“I have worked in technology for more than half of my career but had never seen anyone discuss innovation in the clear-cut manner that Ms. Spina would. The way Ms. Spina could structure tech problems while holding the attention of the class is a rarity; the impression that she made on me and how to scientifically think through strategic issues in fast-paced industries is one that will stick with me beyond my time at INSEAD. Her passion for disruption is infectious and her willingness to discuss these concepts and industry trends further with students like myself speaks to the value-add that comes with business school.” – Sofia Cabral
Chiara Spina, 35, is Assistant Professor of Entrepreneurship and Family Enterprise at INSEAD.
She is interested in how entrepreneurial firms leverage systematic decision-making and experimentation to innovate and grow. Her research studies the effect of emerging practices such as accelerators, hackathons, and crowdfunding in collaboration with government entities and incubation hubs. Her projects have been funded by institutions such as the UK’s Department for Business, Energy, and Industrial Strategy; Italy’s Ministry of Education, University and Research; the Strategy Research Foundation; and the Innovation Growth Lab.
Her research has been published in top-tier academic journals such as Management Science and has been featured in leading management publications including Harvard Business Review and Forbes. Awards include the Strategic Management Society Best Conference Paper Award, the DRUID Best Conference Paper Award, and the Distinguished Paper Award in Knowledge and Innovation, Academy of Management.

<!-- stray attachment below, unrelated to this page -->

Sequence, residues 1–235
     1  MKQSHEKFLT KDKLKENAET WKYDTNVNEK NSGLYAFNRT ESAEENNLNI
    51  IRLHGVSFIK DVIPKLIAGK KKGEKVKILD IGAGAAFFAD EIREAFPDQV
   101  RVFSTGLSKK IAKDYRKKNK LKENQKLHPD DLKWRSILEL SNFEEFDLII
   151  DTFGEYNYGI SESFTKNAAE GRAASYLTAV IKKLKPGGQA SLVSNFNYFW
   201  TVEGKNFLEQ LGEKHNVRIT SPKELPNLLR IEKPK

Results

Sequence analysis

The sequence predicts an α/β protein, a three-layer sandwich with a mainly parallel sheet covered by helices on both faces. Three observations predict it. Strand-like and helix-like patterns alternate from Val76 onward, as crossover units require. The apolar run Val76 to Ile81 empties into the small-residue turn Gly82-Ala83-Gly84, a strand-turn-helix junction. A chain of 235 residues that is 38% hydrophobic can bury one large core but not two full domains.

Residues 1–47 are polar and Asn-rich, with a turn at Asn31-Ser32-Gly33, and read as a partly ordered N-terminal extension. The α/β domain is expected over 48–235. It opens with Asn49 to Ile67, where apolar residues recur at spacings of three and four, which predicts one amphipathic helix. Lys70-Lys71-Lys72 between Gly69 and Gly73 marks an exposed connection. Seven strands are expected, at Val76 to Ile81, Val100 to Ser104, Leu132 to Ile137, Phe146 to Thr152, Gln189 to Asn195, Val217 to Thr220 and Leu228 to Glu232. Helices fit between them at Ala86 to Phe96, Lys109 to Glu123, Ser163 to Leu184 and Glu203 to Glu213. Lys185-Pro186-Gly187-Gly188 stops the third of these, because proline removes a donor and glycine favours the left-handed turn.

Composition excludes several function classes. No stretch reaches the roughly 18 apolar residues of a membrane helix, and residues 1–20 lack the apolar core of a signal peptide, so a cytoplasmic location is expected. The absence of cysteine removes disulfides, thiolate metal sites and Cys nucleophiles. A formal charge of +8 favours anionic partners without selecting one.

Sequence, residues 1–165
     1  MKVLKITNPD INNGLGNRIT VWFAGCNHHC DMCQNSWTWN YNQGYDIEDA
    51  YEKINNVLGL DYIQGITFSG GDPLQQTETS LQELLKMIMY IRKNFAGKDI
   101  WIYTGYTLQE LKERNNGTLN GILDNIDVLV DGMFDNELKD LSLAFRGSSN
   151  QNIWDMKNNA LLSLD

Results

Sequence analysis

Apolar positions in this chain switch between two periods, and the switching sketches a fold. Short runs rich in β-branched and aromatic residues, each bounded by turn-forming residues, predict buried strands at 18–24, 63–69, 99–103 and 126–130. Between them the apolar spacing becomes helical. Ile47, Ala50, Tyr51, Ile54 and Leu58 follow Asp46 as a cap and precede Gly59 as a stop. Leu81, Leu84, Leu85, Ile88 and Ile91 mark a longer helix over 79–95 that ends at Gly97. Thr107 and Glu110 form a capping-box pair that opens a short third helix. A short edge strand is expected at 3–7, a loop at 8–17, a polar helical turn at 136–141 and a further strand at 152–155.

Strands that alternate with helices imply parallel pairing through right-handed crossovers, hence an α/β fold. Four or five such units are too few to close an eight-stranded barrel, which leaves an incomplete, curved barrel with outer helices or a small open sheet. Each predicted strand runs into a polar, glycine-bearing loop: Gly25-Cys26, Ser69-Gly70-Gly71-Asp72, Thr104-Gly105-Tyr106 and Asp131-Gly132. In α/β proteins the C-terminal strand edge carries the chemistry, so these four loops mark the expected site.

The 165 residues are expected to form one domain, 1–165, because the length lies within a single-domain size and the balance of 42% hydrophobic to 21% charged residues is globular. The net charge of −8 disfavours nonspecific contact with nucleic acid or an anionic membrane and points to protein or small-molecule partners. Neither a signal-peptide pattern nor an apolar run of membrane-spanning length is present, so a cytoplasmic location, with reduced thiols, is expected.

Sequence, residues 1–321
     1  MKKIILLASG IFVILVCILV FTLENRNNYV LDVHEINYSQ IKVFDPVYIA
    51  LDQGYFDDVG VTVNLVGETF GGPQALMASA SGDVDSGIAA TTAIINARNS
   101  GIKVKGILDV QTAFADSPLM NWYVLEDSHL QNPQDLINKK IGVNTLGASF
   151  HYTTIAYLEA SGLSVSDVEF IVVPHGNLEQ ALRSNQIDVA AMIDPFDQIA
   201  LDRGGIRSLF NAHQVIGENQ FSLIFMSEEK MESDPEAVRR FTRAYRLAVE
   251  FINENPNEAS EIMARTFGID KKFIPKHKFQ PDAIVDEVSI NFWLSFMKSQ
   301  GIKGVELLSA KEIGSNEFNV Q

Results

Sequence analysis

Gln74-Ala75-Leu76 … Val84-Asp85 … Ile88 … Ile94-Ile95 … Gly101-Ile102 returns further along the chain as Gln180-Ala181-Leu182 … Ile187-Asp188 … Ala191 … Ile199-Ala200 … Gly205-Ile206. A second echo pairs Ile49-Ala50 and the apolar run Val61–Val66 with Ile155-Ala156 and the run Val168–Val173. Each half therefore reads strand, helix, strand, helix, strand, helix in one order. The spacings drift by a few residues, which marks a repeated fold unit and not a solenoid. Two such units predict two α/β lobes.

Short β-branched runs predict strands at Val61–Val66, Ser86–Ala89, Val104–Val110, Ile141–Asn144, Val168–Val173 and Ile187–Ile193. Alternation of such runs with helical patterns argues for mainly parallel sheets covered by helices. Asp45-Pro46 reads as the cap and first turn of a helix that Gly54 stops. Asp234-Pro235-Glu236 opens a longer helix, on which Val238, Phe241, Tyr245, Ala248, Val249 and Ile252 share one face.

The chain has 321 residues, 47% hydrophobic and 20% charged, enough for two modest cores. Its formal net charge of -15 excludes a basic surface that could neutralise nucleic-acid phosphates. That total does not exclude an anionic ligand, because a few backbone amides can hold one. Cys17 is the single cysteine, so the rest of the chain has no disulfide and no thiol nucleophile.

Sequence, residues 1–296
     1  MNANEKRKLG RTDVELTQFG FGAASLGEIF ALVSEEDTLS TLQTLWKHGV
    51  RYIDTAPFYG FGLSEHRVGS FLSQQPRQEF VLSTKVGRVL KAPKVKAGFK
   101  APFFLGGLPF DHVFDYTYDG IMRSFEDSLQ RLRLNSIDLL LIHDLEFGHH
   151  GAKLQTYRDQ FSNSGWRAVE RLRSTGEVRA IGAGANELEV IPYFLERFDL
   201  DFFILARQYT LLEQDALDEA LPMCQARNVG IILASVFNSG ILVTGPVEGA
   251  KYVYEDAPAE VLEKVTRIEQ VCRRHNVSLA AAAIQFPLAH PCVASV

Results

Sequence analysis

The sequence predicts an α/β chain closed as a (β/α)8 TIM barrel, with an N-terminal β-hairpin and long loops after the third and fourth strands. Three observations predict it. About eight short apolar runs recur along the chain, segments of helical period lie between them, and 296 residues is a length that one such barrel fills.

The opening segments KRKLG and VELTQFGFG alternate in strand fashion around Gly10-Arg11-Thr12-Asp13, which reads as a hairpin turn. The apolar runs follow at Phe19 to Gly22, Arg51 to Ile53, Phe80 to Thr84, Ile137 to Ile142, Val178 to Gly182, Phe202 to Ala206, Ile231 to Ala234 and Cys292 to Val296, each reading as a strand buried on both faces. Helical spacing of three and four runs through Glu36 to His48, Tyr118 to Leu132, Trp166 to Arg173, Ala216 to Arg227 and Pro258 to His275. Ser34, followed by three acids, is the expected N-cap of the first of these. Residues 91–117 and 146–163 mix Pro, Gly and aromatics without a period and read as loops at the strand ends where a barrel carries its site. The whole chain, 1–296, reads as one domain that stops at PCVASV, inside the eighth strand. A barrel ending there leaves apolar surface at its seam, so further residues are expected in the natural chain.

She is the director of pre-acceleration programs in Italy, the UK and India, where she has worked with more than 1,500 entrepreneurs. In her role, she combines the latest management practices with research insights to help deliver cutting-edge training and mentorship programs.
At current institution since what year? 2020
Education: Ph.D. (cum laude) Business Administration, Bocconi University; MSc Labour Studies (cum laude), University of Milan; BSc Organization Studies (cum laude), University of Milan
List of MBA courses you currently teach: Corporate Entrepreneurship: Mastering Entrepreneurial Growth for Large Firms
TELL US ABOUT LIFE AS A BUSINESS SCHOOL PROFESSOR
I knew I wanted to be a business school professor when… I was attending talks and lectures on all sorts of topics, and I got a thrill from learning new things. The talks and lectures were stimulating and led me to read and learn more. I was happy in my professional career, but I desired working in environment that would have greater emphasis on teaching, practicing, and researching – as all three activities inform your learning around a certain topic differently.
What are you currently researching and what is the most significant discovery you’ve made from it? My research focuses on the power of thinking like a scientist when starting a new business. When we think of scientists, we often envision someone running an experiment. But the same way of testing hypotheses also has an important place in entrepreneurship. Following ‘a scientific approach’ means that entrepreneurs form a clear theory about why a new business should exist and define clear hypotheses that are tested with rigorous experiments. Having run multiple field studies, I’ve worked with my co-authors to gather extensive evidence showing that a scientific mindset among entrepreneurs leads to more impactful decision-making. Entrepreneurs that use a scientific approach are more likely (compared to entrepreneurs that do not use this approach) to close businesses that they think are not valuable, make focused changes to their business, and achieve higher revenue. The most significant academic discovery is that these findings are consistent across settings – the same study has been replicated multiple times and the results remain the same. The robustness of these results has great relevance for policymakers and institutions looking to foster entrepreneurship – they give us confidence that we have learnt something meaningful about what helps new businesses thrive. In addition, through this fieldwork I met many entrepreneurs and they made me reflect on the various ways in which scientific thinking may play an important role in society. My most significant personal discovery is that beyond starting a business, scientific thinking has a bigger place in our lives than we probably realize.
If I weren’t a business school professor… I would start a business.